(Blog) We should focus on “being logical” more than “being intelligent.”

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Photo by Kirsten Drew

What does it mean to call someone “smart” if at best all we ever know is maybe 1% of all there is to know? Okay, let’s be generous: let’s say we can know 10%. What was failing in High School? 69%? Yea, I don’t think any of us are very smart.

Thinking there are “smart people” out there, we come to overestimate how much people know. We need to get it deep in our bones: we don’t really know anything. We know a sliver of a sliver of a…


(Blog) Shouldn’t they share an inverse relationship?

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Photo by Ralph (Ravi) Kayden

It’s a cliché now, associating genius and madness: the market is saturated with movies and shows about it. The Queen’s Gambit, PI, Whiplash — I could go on. Why does this stereotype resonate? Well, because Nikola Tesla seems to have loved a pigeon and John Nash developed schizophrenia — the stereotype is backed by evidence. But isn’t that strange? If genius is the ability to reason, and madness the inability to reason, shouldn’t they share an inverse relationship versus correlate?

Well, the conflation of “true” and “rational” might be throwing us off, which…


(Essay) Existential Empathy, Irony, and Love

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No one who lacks critical thinking thinks they lack critical thinking, for it takes critical thinking to realize you lack it. Hence, when it comes to defining critical thinking, we are presented with a paradox. To start, no one reading this paper will think they need to read it, for no one thinks they aren’t familiar with critical thinking, and yet this sense of familiarity is precisely why a person would need to read this paper. There will be readers who can critically think and those who cannot, yet everyone will think they belong…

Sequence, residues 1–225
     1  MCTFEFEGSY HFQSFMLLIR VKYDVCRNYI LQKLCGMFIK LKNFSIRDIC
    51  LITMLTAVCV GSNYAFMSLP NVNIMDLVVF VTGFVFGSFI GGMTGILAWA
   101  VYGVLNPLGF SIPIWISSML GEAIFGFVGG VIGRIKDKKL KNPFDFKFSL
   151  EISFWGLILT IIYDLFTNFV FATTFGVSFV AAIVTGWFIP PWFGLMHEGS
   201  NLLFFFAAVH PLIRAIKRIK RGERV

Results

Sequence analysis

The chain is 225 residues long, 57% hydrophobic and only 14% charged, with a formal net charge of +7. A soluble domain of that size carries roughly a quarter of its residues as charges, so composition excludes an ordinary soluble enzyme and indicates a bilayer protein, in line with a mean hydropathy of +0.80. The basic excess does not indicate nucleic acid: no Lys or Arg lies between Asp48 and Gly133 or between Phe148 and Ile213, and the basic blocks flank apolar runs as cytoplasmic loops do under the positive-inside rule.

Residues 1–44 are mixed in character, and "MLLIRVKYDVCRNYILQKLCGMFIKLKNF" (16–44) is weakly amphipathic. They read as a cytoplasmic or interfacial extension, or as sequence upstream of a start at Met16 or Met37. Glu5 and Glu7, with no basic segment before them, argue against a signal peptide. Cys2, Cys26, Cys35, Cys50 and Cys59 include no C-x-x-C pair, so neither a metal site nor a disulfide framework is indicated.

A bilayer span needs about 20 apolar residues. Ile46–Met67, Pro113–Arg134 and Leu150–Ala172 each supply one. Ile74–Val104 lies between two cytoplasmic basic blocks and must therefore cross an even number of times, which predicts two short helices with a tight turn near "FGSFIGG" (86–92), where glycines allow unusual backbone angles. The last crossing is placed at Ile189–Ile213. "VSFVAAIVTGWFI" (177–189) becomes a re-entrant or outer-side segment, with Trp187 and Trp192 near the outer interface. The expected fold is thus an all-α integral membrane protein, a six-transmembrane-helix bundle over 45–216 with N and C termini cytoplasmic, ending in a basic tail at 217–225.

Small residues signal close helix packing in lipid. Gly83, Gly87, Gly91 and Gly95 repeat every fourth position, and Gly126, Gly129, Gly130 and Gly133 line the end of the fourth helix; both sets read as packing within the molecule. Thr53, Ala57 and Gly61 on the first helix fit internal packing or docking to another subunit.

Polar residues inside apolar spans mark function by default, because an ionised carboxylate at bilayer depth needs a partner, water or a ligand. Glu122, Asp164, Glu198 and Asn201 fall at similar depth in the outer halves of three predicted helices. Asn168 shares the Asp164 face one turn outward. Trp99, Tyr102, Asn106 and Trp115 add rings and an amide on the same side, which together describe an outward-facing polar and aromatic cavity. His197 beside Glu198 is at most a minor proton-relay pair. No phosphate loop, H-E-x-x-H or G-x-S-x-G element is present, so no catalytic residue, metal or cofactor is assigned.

(Blog) How we don’t fully know a language or fully believe what we have to translate — or at least don’t feel like it.

(This reflection will expand on topics presented in “Belonging Again” by O.G. Rose.)

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Photo by Soner Eker

We don’t fully know a language until we don’t have to translate it. A native English speaker, I don’t have to “translate” English when I hear it: I just “know” what it means. Perhaps in a sense I am translating the words into concepts, but I’m certainly not translating English into Latin and then into concepts. …


Previews of Pieces by O.G. Rose

This is a preview list of short pieces I wrote focused on sociopolitical, education, and economic topics. I hope you see something in here that you find interesting!

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Frozen Glory Photography

Market Legitimization

If “the real economy” suffers tremendously but the stock market does well, the citizenship will question if the market serves the broader public instead of an elite minority.

~

MAD Capitalism and Mixed Market Rationality

Today, thanks to “rational” MAD, regardless how irresponsible enterprises are, the foolishness of their risks, and their disregard of the overall economy, the American government must save those enterprises…


(Essay) Explaining and Justifying Christian Thought